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Is Netflix’s Daredevil canon with Marvel’s Echo? Sorta, says producer

Echo wants to honor the Netflix shows that built the ground-level Marvel Cinematic Universe

Wilson Fisk, the Kingpin, raises an open bloodied hand toward a young Maya Lopez, aka Echo, in a still from the first trailer for Marvel Studios’ Echo TV series. Image: Marvel Studios
Susana Polo is an entertainment editor at Polygon, specializing in pop culture and genre fare, with a primary expertise in comic books. Previously, she founded The Mary Sue.

The question of how Echo fits into Daredevil continuity is alive and well. As the series readies for a simultaneous premiere on the all-ages Disney Plus and the more grown-up Hulu, along with Charlie Cox and Vincent D’Onofrio reprising their roles as Matt Murdock and the Kingpin Wilson Fisk, some kind of continuation is expected.

But at the same time, Marvel Studio has labeled Echo as the first installment of its own Marvel Spotlight umbrella, made for shows that don’t require you to have watched previous installments. And the MCU’s Netflix spinoffs — while must-see TV in their time — have been barely hinted at since their summary cancellations at the close of the last decade.

To executive producer Richie Palmer, Echo’s relationship with its hit Netflix predecessor and with Marvel’s new Marvel Spotlight designation both come from the same source: honoring the singular Daredevil and Echo stories that have come before this one. In Palmer’s eyes, there’s a direct line from David Mack and Joe Quesada’s late-’90s run on Daredevil (which introduced Maya Lopez as Echo in the first place) to Marvel’s Spotlight designation.

“The things that Matt Murdock was dealing with in those comics were so dark and violent, and they didn’t quite necessarily fit in with what was going on in the larger comics canon at the time,” Palmer told Polygon. “We wanted to figure out, when we were bringing Maya Lopez to life, how do we honor that aspect of the comics? How do we keep it dark and gritty and separated from everything else that was going on?

“And then Kevin [Feige] came in, as we were editing the show, and we were seeing how dark we were pushing it. And he was saying, Don’t hold back on the violence, don’t hold back on the grit and this grounded tone, it’s what’s making this show so unique and special. So Marvel Spotlight kind of came from Kevin.”

Echo (Alaqua Cox) sitting on a motorcycle Photo: Chuck Zlotnick/Marvel

The original “Marvel Spotlight” was a 1971 anthology comic designed to showcase a new, original Marvel hero as often as possible; a testing ground for characters to find an audience without the risk of launching a whole series. And it’s a series with a bit of a history of being different than the usual Marvel fare. With the restrictive Comics Code finally loosening the same year as its debut, Spotlight became a place for Marvel to try out the kind of dark supernatural stories that had been verboten in American comics for over a decade. And so, Marvel Spotlight’s biggest success stories include Spider-Woman, yes, but also Ghost Rider, Werewolf by Night, and Daimon Hellstrom, the Son of Satan.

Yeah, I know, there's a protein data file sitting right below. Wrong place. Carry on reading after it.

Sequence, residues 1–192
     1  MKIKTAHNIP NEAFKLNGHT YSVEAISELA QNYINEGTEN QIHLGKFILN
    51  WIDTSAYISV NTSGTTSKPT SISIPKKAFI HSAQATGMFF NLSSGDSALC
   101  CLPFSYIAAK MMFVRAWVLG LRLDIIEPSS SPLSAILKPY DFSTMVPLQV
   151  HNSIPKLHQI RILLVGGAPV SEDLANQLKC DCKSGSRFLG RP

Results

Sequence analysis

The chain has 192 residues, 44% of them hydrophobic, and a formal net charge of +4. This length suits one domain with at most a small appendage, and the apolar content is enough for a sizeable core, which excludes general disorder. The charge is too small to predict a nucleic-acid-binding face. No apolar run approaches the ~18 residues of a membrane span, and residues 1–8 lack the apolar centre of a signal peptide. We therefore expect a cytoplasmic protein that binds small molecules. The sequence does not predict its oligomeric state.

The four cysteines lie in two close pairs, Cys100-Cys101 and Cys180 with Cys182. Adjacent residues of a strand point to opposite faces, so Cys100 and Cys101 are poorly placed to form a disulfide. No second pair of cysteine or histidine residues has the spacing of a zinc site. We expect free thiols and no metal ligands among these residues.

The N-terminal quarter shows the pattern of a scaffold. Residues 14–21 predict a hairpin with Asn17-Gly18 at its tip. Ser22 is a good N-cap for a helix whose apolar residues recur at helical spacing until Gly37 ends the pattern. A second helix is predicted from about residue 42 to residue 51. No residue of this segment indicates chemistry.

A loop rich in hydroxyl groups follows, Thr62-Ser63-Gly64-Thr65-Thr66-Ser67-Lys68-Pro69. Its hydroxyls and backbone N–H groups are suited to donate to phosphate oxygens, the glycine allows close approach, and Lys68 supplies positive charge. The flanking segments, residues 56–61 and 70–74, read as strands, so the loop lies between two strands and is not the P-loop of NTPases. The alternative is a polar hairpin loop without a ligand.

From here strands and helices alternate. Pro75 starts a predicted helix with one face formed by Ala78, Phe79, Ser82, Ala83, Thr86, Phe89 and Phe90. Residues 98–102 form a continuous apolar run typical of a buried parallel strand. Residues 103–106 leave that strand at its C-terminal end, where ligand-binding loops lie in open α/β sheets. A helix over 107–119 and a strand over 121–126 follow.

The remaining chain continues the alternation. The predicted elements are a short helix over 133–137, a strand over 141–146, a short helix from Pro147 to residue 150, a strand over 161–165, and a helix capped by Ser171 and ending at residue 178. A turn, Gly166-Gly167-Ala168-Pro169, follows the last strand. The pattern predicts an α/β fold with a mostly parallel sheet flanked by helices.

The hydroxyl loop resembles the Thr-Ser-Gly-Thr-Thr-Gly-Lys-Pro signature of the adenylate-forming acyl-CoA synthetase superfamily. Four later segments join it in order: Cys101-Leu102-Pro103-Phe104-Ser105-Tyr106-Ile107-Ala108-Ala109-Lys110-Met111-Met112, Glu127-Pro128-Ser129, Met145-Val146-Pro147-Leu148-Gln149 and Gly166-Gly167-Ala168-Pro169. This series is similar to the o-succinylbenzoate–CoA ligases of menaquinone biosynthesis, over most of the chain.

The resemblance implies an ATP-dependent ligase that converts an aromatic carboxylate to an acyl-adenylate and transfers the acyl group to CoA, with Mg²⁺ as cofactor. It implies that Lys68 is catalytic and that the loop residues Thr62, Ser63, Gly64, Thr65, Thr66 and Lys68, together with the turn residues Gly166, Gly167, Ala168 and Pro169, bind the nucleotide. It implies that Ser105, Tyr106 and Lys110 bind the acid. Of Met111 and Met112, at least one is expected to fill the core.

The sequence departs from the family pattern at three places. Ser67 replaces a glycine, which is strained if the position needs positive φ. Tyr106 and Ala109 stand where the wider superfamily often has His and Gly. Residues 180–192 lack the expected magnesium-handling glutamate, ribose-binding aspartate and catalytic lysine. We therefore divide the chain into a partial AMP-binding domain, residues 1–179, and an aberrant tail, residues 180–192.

But was Marvel Studios’ Spotlight created because Echo is more like the Netflix shows than core MCU fare? Or was Echo just the right show at the right time for a plan already in the making?

“It was a little bit of both,” Palmer was quick to answer. “I think it was us saying, You know what? Echo wants to be its own thing. So let’s allow it to be.”

“I think [Marvel Spotlight is] our way of trying to take these relatively obscure characters from the comics and tell real character-driven stories about them,” Palmer said, “and honor the world that they came from, and help them find their place in the larger MCU.”

For Palmer, the world they came from is a big one, including the original comics, like Mack and Quesada’s Daredevil run and the Marvel Knights imprint, Marvel’s Netflix originals, and even movies like 2003’s Daredevil and Punisher: War Zone. The goal, according to Palmer, was to honor the tone set by the Netflix shows, and make the Maya of 2024 feel like she could have belonged in the Daredevil show of 2015.

But is 2015’s Daredevil still MCU canon? Palmer puts it in comic book terms.

“When different teams of writers and artists picked up different characters from one to another, it definitely honored what came before it, and just helped push it forward. And I think that going from the Netflix series, which we all really loved, and our fans really loved, we wanted to be able to honor that, but make subtle nods that these characters are in the MCU now. But really, it’s all one universe.”

So, is Netflix’s Daredevil the same Daredevil who’ll appear in Echo? Yes. Will he maybe be slightly different because he’s in the MCU now? Yes. As with most issues with continuity, perhaps the best advice is to paraphrase the theme song of Mystery Science Theater 3000: You’ll enjoy it more if you don’t think about it too hard.

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